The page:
It was clear to me from the beginning that Anita’s ‘Visible Girls’ should be the foundation of my studies throughout the entire project simply due to the nature of the brief itself, and therefore began by assessing my initial reactions to the work. I find it important to state my enjoyment of the photographs in the archive; they were instantly appealing in their distinctive representation of the girls and the importance they placed on being part of a sub-culture. I enjoy her ability to make the past appear tangible and (ironically) almost contemporary, and at the same time felt disappointment that the majority of my generation (myself included) have never had the opportunity to react to repression in quite such an involved form. This was depicted by the artist’s decision to employ pairs rather than individual sitters, the sense of social grouping becoming intensely personal while at the same time appearing highly superficial; while there is a true sense of the genuine to Anita’s images, there is also the notion of the manufactured, the girls appearing almost as theatrical donning a guise to simply fit with the sub-cultures they adhere to. To me the archive as a whole was less concerned with ‘sub-culture’ and more about the attitudes of young women living in the political climate of the early 1980s, reacting to a society that not only repressed but also kept their existence relatively silent in comparison to their male counterparts. Anita describes being part of such a sub-culture “a whole way of life” (Corbin, 1981), which led me to explore the current ways of life for the youth of my own age at the present time if indeed they existed in the same manner at all. The artist’s decision to focus solely on female youth culture also intrigued me, a culture she describes as being “largely ignored” or “simply male appendages” (Corbin, 1981), and prompted me to explore the visibility of contemporary youth cultures.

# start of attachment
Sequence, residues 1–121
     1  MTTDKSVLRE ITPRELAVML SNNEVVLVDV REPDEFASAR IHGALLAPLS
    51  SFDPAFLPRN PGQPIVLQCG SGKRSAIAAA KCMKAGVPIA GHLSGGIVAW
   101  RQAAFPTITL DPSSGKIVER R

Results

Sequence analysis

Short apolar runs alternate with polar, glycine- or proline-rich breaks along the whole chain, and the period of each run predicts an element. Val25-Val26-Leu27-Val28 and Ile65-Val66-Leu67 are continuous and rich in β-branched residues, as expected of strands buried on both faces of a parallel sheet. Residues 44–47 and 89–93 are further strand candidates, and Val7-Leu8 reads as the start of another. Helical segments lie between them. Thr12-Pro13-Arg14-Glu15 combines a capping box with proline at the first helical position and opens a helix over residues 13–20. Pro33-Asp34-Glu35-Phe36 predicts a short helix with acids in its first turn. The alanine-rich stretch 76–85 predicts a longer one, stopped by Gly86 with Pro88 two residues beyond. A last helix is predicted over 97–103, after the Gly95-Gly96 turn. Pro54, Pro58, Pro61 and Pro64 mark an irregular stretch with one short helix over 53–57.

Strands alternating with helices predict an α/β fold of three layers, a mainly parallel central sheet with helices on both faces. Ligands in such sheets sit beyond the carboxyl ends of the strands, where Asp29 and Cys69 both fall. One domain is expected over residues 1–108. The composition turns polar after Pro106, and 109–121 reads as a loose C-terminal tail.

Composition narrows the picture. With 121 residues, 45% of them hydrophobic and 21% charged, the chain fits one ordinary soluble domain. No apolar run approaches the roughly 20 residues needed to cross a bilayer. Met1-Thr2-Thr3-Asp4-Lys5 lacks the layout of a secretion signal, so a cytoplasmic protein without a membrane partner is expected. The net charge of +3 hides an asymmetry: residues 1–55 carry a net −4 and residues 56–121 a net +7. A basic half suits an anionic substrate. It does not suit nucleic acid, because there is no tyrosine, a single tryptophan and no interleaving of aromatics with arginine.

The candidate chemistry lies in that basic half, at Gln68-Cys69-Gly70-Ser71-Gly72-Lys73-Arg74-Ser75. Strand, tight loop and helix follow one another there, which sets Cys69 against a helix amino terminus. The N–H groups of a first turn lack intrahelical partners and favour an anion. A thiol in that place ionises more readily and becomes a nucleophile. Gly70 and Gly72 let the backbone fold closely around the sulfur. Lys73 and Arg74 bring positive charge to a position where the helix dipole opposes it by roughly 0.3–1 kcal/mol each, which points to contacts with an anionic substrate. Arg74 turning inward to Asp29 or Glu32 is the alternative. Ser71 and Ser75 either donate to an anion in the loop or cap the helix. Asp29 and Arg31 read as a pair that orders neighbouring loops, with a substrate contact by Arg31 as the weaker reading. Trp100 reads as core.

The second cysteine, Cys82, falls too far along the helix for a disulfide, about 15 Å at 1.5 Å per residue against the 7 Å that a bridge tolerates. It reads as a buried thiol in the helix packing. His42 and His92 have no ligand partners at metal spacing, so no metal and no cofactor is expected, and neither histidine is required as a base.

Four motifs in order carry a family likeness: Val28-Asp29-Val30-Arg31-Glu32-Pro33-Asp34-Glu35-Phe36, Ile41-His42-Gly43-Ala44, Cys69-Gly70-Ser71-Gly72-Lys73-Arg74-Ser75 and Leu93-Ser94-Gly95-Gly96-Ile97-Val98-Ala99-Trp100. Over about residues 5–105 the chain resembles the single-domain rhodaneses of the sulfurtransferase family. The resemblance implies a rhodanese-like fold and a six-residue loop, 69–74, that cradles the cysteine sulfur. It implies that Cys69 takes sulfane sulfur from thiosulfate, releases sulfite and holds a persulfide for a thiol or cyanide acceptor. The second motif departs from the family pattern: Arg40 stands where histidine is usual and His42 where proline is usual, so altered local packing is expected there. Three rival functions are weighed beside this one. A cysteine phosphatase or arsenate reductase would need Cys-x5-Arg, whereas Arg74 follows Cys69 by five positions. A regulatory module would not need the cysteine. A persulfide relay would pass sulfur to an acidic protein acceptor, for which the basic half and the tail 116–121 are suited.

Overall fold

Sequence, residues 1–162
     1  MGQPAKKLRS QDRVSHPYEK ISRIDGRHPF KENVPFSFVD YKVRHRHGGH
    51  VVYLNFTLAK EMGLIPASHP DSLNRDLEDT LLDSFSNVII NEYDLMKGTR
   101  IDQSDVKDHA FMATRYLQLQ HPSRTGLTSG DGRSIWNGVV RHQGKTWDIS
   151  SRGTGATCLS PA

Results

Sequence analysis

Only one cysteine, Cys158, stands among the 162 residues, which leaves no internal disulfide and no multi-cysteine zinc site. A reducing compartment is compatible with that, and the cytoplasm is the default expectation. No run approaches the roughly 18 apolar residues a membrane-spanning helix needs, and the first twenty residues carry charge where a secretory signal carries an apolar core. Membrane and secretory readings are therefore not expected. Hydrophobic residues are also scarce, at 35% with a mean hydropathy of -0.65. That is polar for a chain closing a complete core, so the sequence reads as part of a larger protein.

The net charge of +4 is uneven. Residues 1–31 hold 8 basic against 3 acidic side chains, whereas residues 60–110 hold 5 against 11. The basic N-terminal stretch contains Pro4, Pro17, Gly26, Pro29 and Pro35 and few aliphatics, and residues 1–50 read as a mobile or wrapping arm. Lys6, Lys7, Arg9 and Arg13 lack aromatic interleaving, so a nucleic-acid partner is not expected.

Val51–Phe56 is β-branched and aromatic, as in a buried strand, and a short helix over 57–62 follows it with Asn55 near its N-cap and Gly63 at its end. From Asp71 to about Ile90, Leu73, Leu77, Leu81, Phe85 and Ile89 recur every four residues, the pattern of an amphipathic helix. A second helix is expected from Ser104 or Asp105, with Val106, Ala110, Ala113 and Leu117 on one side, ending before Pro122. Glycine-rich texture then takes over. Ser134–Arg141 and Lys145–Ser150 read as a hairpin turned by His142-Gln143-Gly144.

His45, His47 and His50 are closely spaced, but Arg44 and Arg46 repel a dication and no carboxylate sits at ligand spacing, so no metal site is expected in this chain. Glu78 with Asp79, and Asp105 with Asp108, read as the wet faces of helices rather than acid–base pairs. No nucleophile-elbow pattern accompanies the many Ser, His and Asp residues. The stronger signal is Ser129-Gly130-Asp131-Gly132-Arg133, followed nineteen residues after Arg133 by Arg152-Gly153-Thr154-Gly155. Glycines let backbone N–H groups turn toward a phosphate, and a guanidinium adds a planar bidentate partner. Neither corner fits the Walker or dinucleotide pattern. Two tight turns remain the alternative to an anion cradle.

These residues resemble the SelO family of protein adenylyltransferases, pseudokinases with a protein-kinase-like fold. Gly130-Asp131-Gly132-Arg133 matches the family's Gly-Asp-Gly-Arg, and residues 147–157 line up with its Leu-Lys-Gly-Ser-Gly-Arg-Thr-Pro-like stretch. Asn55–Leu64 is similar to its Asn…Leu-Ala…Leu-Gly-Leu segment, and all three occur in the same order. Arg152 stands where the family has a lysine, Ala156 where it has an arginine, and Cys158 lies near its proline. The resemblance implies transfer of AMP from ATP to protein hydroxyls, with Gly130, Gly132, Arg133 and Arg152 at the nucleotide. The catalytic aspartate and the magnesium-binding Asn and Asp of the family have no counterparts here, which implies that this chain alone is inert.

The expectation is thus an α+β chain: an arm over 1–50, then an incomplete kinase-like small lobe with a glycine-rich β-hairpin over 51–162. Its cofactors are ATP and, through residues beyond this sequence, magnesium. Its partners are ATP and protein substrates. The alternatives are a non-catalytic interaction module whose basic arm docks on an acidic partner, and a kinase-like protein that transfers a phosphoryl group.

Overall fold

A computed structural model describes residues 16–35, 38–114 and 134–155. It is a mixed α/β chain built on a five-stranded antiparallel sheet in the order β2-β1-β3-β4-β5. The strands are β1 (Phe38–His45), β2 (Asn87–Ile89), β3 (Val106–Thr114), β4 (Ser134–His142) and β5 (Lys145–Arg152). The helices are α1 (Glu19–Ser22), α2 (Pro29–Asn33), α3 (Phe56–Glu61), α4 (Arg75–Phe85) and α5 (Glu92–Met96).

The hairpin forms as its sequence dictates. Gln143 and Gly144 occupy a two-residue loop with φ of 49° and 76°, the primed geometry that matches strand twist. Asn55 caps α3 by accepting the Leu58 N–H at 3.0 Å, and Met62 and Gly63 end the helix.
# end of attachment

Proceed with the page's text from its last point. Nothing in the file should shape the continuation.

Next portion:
I began my research into the notion of ‘youth culture’ by attempting to identify other similar archives contemporary to that of ‘Visible Girls’, in order to further contextualise Anita’s images. I was particularly interested in those cultures strongly oriented around the male youth to directly contrast with the GS box, and discovered photographer Gavin Watson’s candid images portraying life as a skinhead which drew interesting comparisons. Again, group mentality is clearly of great importance to the individuals concerned, and appeared to support the themes established within Anita’s work that I have already discussed. This aspect demonstrating the youth finding security through group membership and ritual participation intrigued me, and appeared to directly contrast with the youths of contemporary British society arguably more fragmented exhibiting remarkably different ritualistic strategies. Not only did the content of Anita’s images interest me, the concept of the archive itself was a relatively new concept and so began to read Allan Sekula’s ‘The Body And The Archive’ (Cambridge, 1992) in order to gain more contextual knowledge of photographic archiving. Through this text, the earliest forms of photographically recording physiognomic practice as a means of criminal profiling struck me as having interesting parallels to Anita’s work. The pioneer of these techniques Alphonse Bertillon extensively photographed the face of the criminal and its features, exercising his anthropometric theories that appear entirely inappropriate with our contemporary scientific knowledge yet immediately linked to the notion of objectifying the sitter explored in Anita’s work. This process of creating meaningful connections between appearance and personality featured in the work of both Anita and Bertillon introduced the importance of ‘looking’ to the project, highlighting the importance of not only the act but also the role of the individual engaged within it.